The chief sponsor of the resolution, H.C.R. 57, is State Rep. Dan Ramos of Lorain, a northern Ohio city where about 25 percent of the 64,000 residents are Hispanic. Lorain is considered the most Hispanic city in Ohio, and nearly 20 percent of its population claims Puerto Rican descent. The resolution urging statehood was introduced this week in the Ohio House where it likely faces an uncertain future. The current term of the legislature is scheduled to end in December, and it has no Republican co-sponsors.  The GOP controls the House, which means that Democratic proposals often get bottled up or receive short shrift.

Earlier this month, a slight majority of Puerto Ricans voted in favor of statehood for the Caribbean Island. It was the first time a statehood referendum has won there, and the non-binding vote was seen as signaling that many Puerto Ricans appear ready to end the island’s status as a U.S. commonwealth. The move by the Ohio House Democrats also appears aimed at cementing the party’s support among Hispanic voters. Some 70 percent of Hispanics backed the Democrats and President Obama on Election Day, and Hispanics are emerging as a key bloc with increasing power at the ballot box.    

With the exception of State Rep. Alicia Reece, a Cincinnati Democrat, all of the other House Democrats backing the statehood resolution are from Columbus or further north in Ohio. The resolution urges Congress to take swift action “towards admitting the Commonwealth of Puerto Rico to the Union as a State.” Statehood decisions are up to Congress. The Ohio resolution points out that Puerto Ricans are already U.S. citizens (although they cannot vote in presidential elections), and that many serve in the U.S. military. A 1917 law granted residents U.S. citizenship.

There is a historical footnote involving Cincinnati in Puerto Rico’s fate. Former GOP President William Howard Taft, a Cincinnatian who went on to serve as Chief Justice of the Supreme Court in the 1920s, delivered a major legal decision in 1922 that helped keep Puerto Rico separate. Taft said the congressional act that conferred citizenship on the islanders did not contemplate that they would be incorporated into the Union. He ruled the U.S. possession had never been designated for statehood. Taft gave the island a unique status that has been described as a commonwealth, or as it is said in Spanish, “Estado Libre Asociado de Puerto Rico.”

 
 
by Danny Cross 11.07.2012
Posted In: Media, Republicans, Barack Obama, Mitt Romney, Poverty at 12:42 PM | Permalink | Comments (4)
 
 
sorry2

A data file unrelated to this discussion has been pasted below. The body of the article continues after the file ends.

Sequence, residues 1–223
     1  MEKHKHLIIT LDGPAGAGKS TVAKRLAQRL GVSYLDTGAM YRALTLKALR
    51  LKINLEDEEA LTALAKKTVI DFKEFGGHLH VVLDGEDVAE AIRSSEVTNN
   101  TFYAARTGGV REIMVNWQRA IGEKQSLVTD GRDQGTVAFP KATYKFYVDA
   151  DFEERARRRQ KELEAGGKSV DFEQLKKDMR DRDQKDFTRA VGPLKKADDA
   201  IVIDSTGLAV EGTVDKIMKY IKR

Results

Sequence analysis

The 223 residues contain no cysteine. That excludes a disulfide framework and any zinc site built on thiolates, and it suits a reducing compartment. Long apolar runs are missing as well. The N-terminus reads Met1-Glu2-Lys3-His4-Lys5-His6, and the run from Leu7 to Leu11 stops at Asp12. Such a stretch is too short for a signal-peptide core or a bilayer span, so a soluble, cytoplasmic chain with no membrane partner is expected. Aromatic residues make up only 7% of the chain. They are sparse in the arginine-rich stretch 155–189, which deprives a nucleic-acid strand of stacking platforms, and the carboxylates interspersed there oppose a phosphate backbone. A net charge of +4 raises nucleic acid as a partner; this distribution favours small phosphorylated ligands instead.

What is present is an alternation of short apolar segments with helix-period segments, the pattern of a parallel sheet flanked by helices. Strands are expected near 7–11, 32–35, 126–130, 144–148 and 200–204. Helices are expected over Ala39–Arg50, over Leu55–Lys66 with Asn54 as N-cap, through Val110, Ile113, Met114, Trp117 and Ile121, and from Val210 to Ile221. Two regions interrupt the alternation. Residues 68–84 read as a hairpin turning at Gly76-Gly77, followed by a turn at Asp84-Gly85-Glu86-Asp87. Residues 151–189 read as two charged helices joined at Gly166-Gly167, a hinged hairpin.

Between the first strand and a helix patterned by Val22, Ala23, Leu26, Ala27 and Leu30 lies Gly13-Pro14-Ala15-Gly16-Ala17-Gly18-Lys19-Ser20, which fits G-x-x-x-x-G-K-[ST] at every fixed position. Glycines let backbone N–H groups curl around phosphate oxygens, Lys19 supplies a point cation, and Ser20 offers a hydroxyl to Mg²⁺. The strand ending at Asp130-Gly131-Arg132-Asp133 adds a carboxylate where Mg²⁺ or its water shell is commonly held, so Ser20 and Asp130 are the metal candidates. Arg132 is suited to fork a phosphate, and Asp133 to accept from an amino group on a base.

Dear Lebanon Tea Party: We Are Sorry

We didn’t mean to help re-elect a socialist

During the past year CityBeat has spent a lot of energy reporting on countless Republican screw-ups, from typical shortsighted policies to legislation that is straight-up offensive to women, minorities, gay people and the poor and working class. But we didn’t realize that by pointing out how offensive and irrelevant the country’s GOP leaders were acting, that we were inadvertently killing America.

That's why we would like to formally apologize to the Lebanon tea party in Warren County. The email you sent to The Enquirer today hit us pretty hard — the fact that you’re literally wearing black and mourning America because “socialists, welfare and unions took over this country” is super sad. In our haste to ask questions of elected leaders, fact check their statements and put their beliefs and policies into perspective over the past few months, we forgot how badly people in Warren County wish America could be like the 1950s again, when women knew their place and black people had to operate the elevators and never say anything whites didn’t want to hear. Mad Men is a great show. 

We didn’t mean to be tricked by President Obama’s stimulus bill — we (stupidly) believed the economists who said it staved off a depression caused by under-regulation of the housing and financial industries (we tried to believe Mitt Romney’s concept of further reducing regulations so the job-creators can stimulate the economy in the private sector thus giving our wealth back to us, but it was maybe too complicated for us to understand?). 

Some people we know kept their jobs when the president didn’t allow the American car companies to go broke even though they’re the ones that decided to max out profits on SUVs with truck beds on the back. Other people we know spent time last year without health care, and this country’s health care costs are somewhere around twice as much as any other country’s so we were like, “Yea, reforming that system sounds about right.” But we admit that we don’t know what it’s going to be like for the 15 percent of this country living in poverty to all of the sudden have access to preventative care. Someone in Cincinnati died of a tooth problem last year, and we don’t even know if that’s covered. 

We realize that it wasn’t Mitt Romney who used the term “legitimate rape,” but it made us want to throw up, which slowed down productivity that might have allowed us to figure out that Don’t Ask Don’t Tell was the only thing keeping our country’s military from turning Afghanistan into a European-style gay disco.